Russia and Ukraine are two of the largest grain producers in the world, combining to supply 30% of the world’s wheat and barley. A continuous flow of these goods is critical as the two countries account for over half of all wheat imports in 36 countries, according to the United States Institute of Peace (USIP). The Russia-Ukraine war put a stop to the export of these goods with Russia blocking Ukrainian ports since February. Fortunately, with the help of the United Nations and third-party countries, Russia and Ukraine were able to strike a deal allowing wheat and grain exports to leave the Ukrainian port in Odesa. The Russia-Ukraine wheat agreement went into effect on Monday, August 1, 2022.
Food Supply Threat
Port blockages posed a clear threat to food supply lines around the world, specifically in the Horn of Africa. Because wheat was unavailable from Russia and Ukraine, countries had to pay more for shipping from further away countries. Additionally, any vessels traveling through the black sea were in imminent danger, resulting in higher insurance premiums and an overall increase in food costs.
The situation was untenable, with it being an estimated 47 million people face acute hunger, USIP reports.
Fortunately, with the help of the United Nations and third-party countries, Russia and Ukraine were able to strike a deal allowing wheat and grain exports to leave the Ukrainian port in Odesa. The Russo-Ukrainian wheat agreement went into effect on Monday, August 1, 2022.
Two countries concluded the agreement last month, after two months of negotiation. United Nations and Turkey brokered the talks, with both Russia and Ukraine taking a seat at the table. The Russia-Ukraine wheat agreement should last 120 days, however, there’s an option to renew it indefinitely if both countries agree, according to BBC.
The reason for the nearly month-long delay between agreement and enaction of this deal comes from the difficult logistics that had to be ironed out. Ukrainian military mined the waters in Odesa to prevent Russian ships from entering. As a result, this makes travel by cargo ship incredibly difficult.
The Ukrainian military worked to finalize a route through the black sea suitable for cargo ships and devoid of mines. Second, all cargo ships entering and exiting Ukraine will go through inspection for weapons, upon Russia’s request. This inspection will happen at the Joint Coordination Center in Turkey, according to BBC.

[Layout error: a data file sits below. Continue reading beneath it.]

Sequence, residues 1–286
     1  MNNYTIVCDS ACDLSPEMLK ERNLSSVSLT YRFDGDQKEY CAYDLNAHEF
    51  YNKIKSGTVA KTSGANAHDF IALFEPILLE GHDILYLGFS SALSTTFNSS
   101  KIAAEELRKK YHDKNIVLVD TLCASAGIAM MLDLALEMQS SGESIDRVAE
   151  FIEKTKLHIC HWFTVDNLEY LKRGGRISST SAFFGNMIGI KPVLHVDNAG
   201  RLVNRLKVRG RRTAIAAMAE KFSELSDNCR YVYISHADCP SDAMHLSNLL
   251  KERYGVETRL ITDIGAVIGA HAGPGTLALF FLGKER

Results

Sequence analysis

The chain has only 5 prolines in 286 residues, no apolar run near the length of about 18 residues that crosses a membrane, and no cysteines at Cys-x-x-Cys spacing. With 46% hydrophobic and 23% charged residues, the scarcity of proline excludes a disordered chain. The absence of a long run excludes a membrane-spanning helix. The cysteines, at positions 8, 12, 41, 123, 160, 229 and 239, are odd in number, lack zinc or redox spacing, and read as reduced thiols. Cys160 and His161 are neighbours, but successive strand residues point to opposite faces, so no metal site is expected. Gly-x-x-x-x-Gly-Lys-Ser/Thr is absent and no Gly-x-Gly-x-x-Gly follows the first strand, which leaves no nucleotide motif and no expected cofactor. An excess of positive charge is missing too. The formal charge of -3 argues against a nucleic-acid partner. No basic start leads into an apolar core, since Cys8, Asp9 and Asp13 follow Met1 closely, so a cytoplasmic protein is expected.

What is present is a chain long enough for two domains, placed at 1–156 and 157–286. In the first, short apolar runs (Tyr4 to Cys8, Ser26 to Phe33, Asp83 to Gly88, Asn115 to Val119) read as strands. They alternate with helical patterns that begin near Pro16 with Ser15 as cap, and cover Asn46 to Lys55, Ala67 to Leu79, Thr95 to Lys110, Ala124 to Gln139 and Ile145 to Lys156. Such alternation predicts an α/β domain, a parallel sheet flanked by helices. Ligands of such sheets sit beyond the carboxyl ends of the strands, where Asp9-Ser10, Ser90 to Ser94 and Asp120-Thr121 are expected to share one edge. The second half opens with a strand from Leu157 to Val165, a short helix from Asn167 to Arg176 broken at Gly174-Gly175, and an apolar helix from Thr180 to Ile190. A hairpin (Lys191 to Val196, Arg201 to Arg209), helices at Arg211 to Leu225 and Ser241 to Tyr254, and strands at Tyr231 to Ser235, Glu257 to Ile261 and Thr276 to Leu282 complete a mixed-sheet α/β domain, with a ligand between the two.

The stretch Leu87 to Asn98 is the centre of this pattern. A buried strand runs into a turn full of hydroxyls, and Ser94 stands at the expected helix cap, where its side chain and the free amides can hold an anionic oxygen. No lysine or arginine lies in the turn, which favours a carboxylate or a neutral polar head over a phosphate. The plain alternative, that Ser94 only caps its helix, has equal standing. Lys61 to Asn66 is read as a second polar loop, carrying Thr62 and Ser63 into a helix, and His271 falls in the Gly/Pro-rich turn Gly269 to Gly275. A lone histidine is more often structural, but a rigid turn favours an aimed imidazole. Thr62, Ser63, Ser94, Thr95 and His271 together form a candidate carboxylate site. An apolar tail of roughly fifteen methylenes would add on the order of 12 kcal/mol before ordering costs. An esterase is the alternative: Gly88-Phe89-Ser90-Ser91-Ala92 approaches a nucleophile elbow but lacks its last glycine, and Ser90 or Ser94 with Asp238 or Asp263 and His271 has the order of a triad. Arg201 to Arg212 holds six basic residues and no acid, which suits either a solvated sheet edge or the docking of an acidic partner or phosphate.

Now that the agreement has gone into effect, Ukrainian officials announced that there are 17 ships carrying 600,000 tonnes of cargo waiting for inspection, BBC reports.
Under the Russian-Ukraine wheat agreement, Russia has agreed not to take any military action on Odesa or the ships coming in and out of the port. Ukraine has agreed to use its naval vessels to guide all ships in and out of the mined waters, according to BBC.
As mentioned before, Russia had concerns over weapons being smuggled into Ukraine. To alleviate these concerns Ukraine agreed to mandatory inspections of all ships, which Turkey, as a third party, will conduct.
The Russo-Ukrainian Wheat Agreement is a major first step in building relationships and restoring food supply lines. However, there are still some concerns. First, there are concerns that Russia may not have agreed to this deal in good faith. Less than 24 hours after the deal was agreed to, Russia launched two missile strikes on Odesa port.
There are worries that Russia may continue to disrupt shipments through military action. Second, even with guidance from the Ukrainian navy, sea mines still pose a significant threat to cargo ships in the water. As a result, insurance premiums for vessels hoping to transport grain under this agreement will remain incredibly high and continue to put upwards pressure on the cost of food.
– Benjamin Brown